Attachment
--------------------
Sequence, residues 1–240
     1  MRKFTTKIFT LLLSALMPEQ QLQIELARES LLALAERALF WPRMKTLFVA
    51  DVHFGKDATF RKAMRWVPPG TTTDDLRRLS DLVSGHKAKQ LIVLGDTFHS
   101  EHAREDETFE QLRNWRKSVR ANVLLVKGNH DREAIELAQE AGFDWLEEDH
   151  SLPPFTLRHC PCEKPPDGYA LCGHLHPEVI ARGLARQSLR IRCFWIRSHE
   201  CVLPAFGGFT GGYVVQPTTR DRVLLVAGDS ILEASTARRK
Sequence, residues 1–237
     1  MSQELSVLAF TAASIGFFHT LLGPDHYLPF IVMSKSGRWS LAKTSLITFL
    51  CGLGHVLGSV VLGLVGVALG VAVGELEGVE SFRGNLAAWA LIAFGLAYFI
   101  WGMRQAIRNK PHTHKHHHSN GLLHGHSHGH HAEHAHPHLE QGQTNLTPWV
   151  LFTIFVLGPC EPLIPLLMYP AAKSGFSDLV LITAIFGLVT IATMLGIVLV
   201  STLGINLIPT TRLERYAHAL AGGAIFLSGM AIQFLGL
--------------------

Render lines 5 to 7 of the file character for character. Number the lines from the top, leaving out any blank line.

   151  SLPPFTLRHC PCEKPPDGYA LCGHLHPEVI ARGLARQSLR IRCFWIRSHE
   201  CVLPAFGGFT GGYVVQPTTR DRVLLVAGDS ILEASTARRK
Sequence, residues 1–237